A. J. Bergman and Miss Alice Goldasky, daughter of Mr. and Mrs. Soloman Goldasky, of Elmdale station, were married last night at the home of the bride's sister, Mrs. Bernard Millman, 220 East Fifth street. Rabbi Lieberman officiated. A brother of the bride, Morris Goldasky, a mining expert of South Africa, who had not been home in years, came in time to attend the ceremony. His homecoming was somewhat of a surprise, as he had expressed no intentions of doing so when he wrote to his sister last, and when he appeared on the scene of the wedding no one present suspected that he was any closer to Kansas City than Cape Town. Another brother, Herman Goldasky, of Denver, was also present. Mr. and Mrs. Bergman will be at home at 2113 Olive street after September 1.

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August 25, 1907


He Peppered North End Loiterers
With Ripe Tomatoes.

After an extended absence of eight long months in which his presence was pleasantly missed, George ("Red") Mulkey appeared in police court yesterday. "Red" is one of the sort of men who can "whip his weight in wild cats" when he is "steeped with wine," but will walk timidly forward and eat out of the court sergeant's hand in police court.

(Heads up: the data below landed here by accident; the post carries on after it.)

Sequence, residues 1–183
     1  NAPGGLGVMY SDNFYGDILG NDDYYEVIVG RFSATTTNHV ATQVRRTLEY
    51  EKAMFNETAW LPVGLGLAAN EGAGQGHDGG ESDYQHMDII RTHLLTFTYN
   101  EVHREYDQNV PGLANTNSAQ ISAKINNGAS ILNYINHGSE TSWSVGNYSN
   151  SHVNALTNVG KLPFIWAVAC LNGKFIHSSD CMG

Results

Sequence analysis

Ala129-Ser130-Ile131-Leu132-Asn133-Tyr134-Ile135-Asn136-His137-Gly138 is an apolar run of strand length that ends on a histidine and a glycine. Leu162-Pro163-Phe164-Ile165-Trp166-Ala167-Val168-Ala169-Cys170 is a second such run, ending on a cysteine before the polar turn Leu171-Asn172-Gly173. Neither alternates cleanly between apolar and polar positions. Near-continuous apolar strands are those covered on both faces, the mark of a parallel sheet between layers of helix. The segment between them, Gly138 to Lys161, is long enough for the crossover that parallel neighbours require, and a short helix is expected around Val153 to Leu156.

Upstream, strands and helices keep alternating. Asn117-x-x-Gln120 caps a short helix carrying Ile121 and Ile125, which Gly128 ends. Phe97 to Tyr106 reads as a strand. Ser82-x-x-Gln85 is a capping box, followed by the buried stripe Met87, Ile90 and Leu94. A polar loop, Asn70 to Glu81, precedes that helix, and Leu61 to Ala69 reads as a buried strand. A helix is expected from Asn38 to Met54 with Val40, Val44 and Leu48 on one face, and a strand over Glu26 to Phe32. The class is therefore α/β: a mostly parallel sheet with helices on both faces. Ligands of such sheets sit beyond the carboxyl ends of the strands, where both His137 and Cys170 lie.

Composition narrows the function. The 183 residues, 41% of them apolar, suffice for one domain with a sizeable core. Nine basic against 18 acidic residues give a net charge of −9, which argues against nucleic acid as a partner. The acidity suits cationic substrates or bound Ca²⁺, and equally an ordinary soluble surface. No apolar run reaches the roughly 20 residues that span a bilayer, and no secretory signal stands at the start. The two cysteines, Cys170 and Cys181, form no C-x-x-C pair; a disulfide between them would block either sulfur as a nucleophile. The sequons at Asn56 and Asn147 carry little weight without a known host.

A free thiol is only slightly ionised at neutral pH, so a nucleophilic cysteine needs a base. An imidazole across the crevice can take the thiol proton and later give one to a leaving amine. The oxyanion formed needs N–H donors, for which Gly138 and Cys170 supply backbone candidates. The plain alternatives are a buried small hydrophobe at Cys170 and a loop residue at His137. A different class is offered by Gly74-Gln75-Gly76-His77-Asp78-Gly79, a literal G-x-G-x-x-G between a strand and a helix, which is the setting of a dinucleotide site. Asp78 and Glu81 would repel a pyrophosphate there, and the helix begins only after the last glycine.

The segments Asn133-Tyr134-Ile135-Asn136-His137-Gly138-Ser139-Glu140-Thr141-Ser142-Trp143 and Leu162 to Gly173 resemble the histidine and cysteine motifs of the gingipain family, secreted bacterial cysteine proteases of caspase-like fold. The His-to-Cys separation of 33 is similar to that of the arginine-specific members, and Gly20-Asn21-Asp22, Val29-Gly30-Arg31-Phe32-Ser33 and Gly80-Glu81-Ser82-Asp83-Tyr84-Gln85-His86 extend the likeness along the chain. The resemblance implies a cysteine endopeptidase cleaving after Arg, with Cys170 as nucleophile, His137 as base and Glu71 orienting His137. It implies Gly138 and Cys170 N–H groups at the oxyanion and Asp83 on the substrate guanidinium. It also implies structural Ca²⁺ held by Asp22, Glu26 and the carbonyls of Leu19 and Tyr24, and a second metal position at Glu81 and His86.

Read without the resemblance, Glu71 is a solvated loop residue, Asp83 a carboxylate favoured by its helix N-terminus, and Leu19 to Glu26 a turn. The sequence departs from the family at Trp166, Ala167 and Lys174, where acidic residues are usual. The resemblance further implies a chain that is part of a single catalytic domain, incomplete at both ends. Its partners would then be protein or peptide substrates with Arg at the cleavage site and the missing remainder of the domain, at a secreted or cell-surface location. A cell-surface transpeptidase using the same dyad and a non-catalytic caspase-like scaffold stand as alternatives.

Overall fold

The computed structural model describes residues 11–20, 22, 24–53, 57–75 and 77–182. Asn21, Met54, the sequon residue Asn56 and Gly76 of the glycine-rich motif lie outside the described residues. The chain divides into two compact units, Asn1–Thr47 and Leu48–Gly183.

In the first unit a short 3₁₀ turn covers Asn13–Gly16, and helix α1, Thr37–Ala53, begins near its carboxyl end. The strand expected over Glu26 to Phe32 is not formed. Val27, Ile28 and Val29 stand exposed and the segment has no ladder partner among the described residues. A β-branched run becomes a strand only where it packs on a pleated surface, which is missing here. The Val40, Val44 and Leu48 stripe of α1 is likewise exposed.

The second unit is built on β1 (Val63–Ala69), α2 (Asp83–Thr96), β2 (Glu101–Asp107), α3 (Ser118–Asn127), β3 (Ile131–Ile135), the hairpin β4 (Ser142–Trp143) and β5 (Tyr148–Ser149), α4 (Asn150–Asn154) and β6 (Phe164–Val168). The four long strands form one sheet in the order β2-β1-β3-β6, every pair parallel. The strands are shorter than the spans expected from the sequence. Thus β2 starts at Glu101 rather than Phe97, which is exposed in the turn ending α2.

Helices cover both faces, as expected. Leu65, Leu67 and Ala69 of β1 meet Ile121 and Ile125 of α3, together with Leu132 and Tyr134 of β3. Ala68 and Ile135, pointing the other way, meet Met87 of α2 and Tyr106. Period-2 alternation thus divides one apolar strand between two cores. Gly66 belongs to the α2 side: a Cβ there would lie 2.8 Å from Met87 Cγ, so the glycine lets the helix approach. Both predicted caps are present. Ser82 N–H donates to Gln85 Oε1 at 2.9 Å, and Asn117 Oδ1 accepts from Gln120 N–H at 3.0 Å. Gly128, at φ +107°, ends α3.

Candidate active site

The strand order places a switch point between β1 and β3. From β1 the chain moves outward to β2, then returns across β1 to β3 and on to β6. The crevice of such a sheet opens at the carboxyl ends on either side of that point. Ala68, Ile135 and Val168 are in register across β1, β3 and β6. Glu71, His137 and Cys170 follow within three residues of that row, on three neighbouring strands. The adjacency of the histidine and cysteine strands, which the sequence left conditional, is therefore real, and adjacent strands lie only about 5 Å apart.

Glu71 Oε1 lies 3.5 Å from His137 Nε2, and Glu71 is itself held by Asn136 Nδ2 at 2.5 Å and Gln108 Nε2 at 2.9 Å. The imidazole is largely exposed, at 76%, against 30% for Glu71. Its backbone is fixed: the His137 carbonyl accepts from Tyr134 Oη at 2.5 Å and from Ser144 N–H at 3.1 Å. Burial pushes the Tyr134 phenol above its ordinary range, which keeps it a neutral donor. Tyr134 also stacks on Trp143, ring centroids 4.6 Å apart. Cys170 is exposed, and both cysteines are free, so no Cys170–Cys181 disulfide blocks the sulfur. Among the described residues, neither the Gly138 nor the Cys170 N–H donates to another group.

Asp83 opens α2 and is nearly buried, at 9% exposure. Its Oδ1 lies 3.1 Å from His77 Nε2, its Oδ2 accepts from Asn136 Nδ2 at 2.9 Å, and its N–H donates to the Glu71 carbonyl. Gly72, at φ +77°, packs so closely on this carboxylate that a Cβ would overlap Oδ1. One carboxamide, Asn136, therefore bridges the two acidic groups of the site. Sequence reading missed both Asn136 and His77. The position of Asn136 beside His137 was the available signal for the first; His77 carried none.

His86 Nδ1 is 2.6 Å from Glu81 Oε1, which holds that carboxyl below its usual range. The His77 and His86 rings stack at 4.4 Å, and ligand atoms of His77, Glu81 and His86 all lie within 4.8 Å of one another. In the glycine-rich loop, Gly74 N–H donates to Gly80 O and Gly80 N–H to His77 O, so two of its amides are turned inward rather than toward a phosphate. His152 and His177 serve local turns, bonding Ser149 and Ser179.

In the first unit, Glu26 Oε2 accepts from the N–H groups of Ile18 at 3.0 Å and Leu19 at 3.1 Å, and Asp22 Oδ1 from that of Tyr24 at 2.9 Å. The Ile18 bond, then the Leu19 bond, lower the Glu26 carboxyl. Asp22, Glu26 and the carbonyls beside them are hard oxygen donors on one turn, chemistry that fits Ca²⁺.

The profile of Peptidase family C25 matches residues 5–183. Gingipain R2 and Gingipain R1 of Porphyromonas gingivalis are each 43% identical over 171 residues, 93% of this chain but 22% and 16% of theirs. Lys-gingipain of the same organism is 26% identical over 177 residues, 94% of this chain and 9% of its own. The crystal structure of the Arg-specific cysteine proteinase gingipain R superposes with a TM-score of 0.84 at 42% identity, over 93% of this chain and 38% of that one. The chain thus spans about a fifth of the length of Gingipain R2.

"After being released on bond," said the officer, "I found him out here on the corner of Fourth and Walnut, a tomato in each hand. Citizens, farmers and others were dodging in every direction as Red was bouncing the big red bulbs off of any who came in his path. And he is a dead shot, too."

"Red" told his old time story of "doin' nothing to nobody" and again referred to how nicely he could get along "if these coppers would attend to their own business and let me alone."

"On account of the fact that you haven't been in here for so long a time," began the court.

"He couldn't. He was out of town," said Patrolman Kennedy. "We'd had him if he'd been in town."

The court smiled and continued, "I will fine you only $10. That you can pay, I know."